Australia unveils world’s largest coal and solar project

Kogan Creek announcement CS Energy
Australian PM Julia Gillard announced approval for the world's largest coal/solar hybrid power plant. Photo: CS Energy

Australian prime minister Julia Gillard today announced the approval of a $104.7 million project to integrate solar energy into one of Queensland’s largest fossil fuel power stations.

The 750 megawatt (MW) coal-fired Kogan Creek Power Station in South West Queensland will be integrated with a new 44 MW solar thermal system, making it the largest project of its kind in the world.

The project, called the Kogan Creek Solar Boost project, will use concentrated solar power technology from French firm AREVA Solar to convert the sun’s energy into super-heated steam which will drive the plant’s turbines along with steam from burning coal. Areva Solar acquired the solar technology, called the Compact Linear Fresnel Reflector (CLFR), when it bought Australian firm Ausra last year.

The world’s first solar/coal hybrid facility, called Cameo Station, was opened last July in Colorado in the United States. The project, valued at $4.5 million, was a demonstration project that used a different concentrated solar technology to Areva’s, this one based on solar troughs. Carbon emissions reductions were estimated at two to five per cent, although project managers are targeting ten per cent in future operations.

Kogan Creek Power Station is owned by CS Energy, a Queensland government-owned corporation that owns and operates four Queensland power stations.

CS Energy chief executive David Brown said, “Already Kogan Creek Power Station is one of the largest and most energy efficient power stations in Australia’s electricity market. By using energy from the sun, we will increase the station’s capacity to meet the growing demand for electricity, increase its fuel efficiency and reduce its greenhouse intensity – avoiding the production of 35,600 tonnes of greenhouse gases annually.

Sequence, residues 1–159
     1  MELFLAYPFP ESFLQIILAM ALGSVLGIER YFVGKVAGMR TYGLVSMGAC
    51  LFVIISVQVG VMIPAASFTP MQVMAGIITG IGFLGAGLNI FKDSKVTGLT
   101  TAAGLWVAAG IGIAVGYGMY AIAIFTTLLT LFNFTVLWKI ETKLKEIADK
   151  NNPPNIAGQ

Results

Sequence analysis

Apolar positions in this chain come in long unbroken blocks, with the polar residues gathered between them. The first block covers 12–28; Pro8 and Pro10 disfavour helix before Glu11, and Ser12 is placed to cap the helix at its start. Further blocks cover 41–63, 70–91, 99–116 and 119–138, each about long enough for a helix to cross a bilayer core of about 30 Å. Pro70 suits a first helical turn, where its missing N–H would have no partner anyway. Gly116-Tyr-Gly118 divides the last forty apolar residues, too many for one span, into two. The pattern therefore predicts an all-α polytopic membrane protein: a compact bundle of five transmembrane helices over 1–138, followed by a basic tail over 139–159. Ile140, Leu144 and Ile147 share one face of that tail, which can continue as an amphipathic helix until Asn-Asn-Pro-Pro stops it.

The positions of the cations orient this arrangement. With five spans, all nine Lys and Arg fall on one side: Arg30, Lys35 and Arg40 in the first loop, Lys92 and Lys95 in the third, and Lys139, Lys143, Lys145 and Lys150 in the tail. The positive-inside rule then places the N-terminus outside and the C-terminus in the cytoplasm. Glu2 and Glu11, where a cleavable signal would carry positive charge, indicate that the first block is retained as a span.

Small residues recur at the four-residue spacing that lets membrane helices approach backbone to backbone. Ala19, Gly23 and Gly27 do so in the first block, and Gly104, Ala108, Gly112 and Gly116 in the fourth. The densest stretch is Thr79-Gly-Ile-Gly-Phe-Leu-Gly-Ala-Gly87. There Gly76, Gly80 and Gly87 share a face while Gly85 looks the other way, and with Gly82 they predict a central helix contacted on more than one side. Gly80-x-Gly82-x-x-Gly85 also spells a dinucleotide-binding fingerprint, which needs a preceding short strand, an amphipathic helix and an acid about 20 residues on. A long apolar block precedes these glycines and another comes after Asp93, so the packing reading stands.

“In simple terms, the solar addition will enable Kogan Creek Power Station to produce more electricity with the same amount of coal,” he added.

Use of the solar thermal technology will provide enough extra electricity to power up to 5,000 Australian homes annually. The amount of emissions saved is the equivalent of taking 11,000 cars off the road for one year.

Construction of the solar integration project will begin in the first half of this year and will be completed in 2013.

CS Energy is providing $70 million for the project, $35.4 million of which has been redirected from a contribution by the Queensland Government to CS Energy’s Carbon Reduction Program. The Australian Government’s Renewable Energy Demonstration Program is contributing over $34 million.

With the impending carbon tax set to be enacted in July 2012, Australia’s power companies are still waiting for details of how their industry will be affected. The Sydney Morning Herald reported last month that Ross Garnaut, the government’s chief climate change adviser, said no compensation would be needed for coal-powered electricity producers. But the same report also mentioned that the government would likely provide compensation in order to prevent plant closures and job losses.

Irregardless of whether or not compensation is provided, power companies are looking for ways to increase their energy efficiency and reduce their vulnerability to a carbon tax.

Mr Brown said, “Projects like this are essential for CS Energy to successfully transition to a low-carbon future and will build the capacity of the Australian solar industry.”

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